However, inspect it for any cracks and chipping areas. You must only paint enamel over acrylic if the acrylic paint coat is sound.
If the paint is damaged, with chipping or peeling areas, the chances are that it will not hold the new coat of oil-based enamel paint—consider removing it before repainting the piece.
If the acrylic paint is fresh, allow it to dry thoroughly before attempting to paint over it.
Acrylic paint dries to the touch in 30 to 60 minutes, but allow it a minimum of 48 hours of drying time before attempting to paint with enamel over it.
That said, here are the steps for preparing your acrylic paint surface for a fresh coat of enamel paint.
Step 1. Clean the surface with a mild cleaning detergent. This helps remove any dirt and grime that might stand in the way of the new paint coat and hinder adhesion.
Step 2. Sand acrylic paint off the surface with a medium 180-grit sandpaper. Sanding helps scuff up the acrylic surface and gives the new paint something to grip. This step goes a long way in improving adhesion. Thorough sanding is also essential if the acrylic paint has a clear coat of sealant over it.
Step 3. Wipe the surface with a damp cloth to remove the sanding dust. After sanding, use a damp cloth to remove the sanding dust. Any dust trapped between the final paint coat and the acrylic surface will create a textured surface with unsightly bumps. Clean it to avoid that.
How to Apply Enamel Paint over Acrylic Paint
Once you have followed the above procedure to prep the surface, it is time to paint it. Follow the procedure below to apply enamel paint over acrylic.
Required tools and materials
- Protective hand gloves
- Compatible paint primer
- Enamel paint
How to paint enamel over acrylic paint step-by-step
Ensure you have all the tools and supplies for completing the task. Once you have everything you need, follow the steps below to complete the project.
Step 1. Prime the surface
Once the surface is ready for painting, apply a coat of compatible primer. The product acts as the bond that bridges the acrylic and enamel paints, guaranteeing adhesion.
Priming also helps ensure the enamel paint lasts longer. Follow the instructions on the product’s label to ensure you apply it correctly, then let it dry before painting over it.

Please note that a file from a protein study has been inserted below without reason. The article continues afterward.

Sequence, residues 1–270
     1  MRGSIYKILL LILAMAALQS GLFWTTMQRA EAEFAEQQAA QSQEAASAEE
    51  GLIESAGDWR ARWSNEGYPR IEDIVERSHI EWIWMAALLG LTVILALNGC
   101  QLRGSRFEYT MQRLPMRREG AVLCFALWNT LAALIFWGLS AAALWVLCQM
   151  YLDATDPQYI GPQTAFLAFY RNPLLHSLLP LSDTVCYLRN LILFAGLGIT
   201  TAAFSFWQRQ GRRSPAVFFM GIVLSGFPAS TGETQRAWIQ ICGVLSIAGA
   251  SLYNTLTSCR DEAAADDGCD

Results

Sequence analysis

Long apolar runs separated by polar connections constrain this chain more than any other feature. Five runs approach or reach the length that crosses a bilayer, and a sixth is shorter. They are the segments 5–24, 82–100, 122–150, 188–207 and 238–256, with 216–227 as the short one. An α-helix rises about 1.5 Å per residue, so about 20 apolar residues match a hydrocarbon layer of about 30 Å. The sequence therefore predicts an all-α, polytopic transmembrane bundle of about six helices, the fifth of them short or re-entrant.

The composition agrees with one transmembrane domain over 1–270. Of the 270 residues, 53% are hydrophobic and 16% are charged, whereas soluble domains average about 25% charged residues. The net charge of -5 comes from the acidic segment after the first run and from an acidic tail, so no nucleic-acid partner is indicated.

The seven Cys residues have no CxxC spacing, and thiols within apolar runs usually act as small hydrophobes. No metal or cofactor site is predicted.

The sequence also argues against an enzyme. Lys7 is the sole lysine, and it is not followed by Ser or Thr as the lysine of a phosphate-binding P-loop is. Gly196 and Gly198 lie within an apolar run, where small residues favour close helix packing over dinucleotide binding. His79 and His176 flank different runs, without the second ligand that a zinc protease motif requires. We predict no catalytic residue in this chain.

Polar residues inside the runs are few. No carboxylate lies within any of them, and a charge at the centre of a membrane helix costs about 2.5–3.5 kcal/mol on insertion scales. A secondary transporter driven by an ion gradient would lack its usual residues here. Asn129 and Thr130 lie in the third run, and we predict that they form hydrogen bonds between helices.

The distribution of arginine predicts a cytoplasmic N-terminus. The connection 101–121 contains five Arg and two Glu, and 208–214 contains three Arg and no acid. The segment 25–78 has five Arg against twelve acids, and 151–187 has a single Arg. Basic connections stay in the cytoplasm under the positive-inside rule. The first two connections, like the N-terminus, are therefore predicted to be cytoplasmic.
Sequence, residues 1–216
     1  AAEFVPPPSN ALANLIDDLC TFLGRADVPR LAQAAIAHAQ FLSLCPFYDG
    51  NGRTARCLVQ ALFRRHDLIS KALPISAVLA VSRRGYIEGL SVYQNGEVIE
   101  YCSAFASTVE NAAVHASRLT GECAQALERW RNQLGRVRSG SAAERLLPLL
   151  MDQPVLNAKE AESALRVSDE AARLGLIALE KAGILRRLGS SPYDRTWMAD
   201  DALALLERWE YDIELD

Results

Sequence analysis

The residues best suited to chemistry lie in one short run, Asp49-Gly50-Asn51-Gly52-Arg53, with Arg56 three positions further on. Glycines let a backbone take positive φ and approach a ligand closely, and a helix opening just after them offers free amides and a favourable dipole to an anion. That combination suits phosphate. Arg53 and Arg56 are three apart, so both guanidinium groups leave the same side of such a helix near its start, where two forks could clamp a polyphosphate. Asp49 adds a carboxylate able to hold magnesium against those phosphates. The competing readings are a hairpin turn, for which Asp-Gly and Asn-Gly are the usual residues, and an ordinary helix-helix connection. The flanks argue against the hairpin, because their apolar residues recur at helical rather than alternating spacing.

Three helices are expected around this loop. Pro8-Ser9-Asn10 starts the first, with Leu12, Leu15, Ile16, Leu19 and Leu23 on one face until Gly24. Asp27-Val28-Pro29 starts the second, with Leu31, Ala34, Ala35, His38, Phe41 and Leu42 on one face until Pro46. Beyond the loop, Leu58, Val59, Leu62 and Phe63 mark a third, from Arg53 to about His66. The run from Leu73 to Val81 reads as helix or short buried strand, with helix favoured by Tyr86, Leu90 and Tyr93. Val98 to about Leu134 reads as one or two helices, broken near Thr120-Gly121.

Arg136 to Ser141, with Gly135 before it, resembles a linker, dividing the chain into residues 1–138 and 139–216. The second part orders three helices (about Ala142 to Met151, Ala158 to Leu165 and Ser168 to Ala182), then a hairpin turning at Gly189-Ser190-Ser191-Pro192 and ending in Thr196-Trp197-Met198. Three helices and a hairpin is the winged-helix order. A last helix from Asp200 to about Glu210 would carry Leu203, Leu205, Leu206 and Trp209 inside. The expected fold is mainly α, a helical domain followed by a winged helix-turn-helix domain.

Step 2. Apply a thin coat of your selected enamel paint
When the primer has dried for the recommended time, apply the paint according to the manufacturer’s instructions.
Check the label of your chosen product for these instructions and follow them to ensure you are using the product correctly.
Ideally, check the product to confirm whether the thinners in its formula may interact with the acrylic paint.
If unsure, you can consult with your supplier for this information. Alternatively, you can look up the paint you intend to use for information about its compatibility with the existing paint.
Enamel paint products with strong solvents may not properly adhere to a painted surface.
After confirming that you have the right product, use a natural-bristled brush to apply it to your project.
Notice that the paintbrush may cause friction that increases the risk of the acrylic paint peeling off. So I recommend going for an airbrush wherever possible.
But if you must use the paintbrush, be careful and use gentle pressure to avoid excessive friction.
Paint the surface with light strokes across from one end to the other until you have covered every inch of it.
Ensure each coat is thin and even.
Step 3. Let it dry and recoat
Allow the thin coat of your selected enamel paint dry thoroughly before recoating.
Once it is dry, use the same approach to apply a second coat, using light pressure and long, even strokes.
Since you are using light coats, I usually find applying multiple coats necessary for good coverage.
Applying 2-3 thin layers of enamel paint instead of one thick layer does it for me.
How to Tell if the Paint is Oil- or Water-based
To tell if the paint is oil or water-based, dampen a rag with some methylated spirit and use it to wipe at a small section of the painted surface.
If the paint stains the damp rag, it is water-based. Otherwise, the paint is oil-based.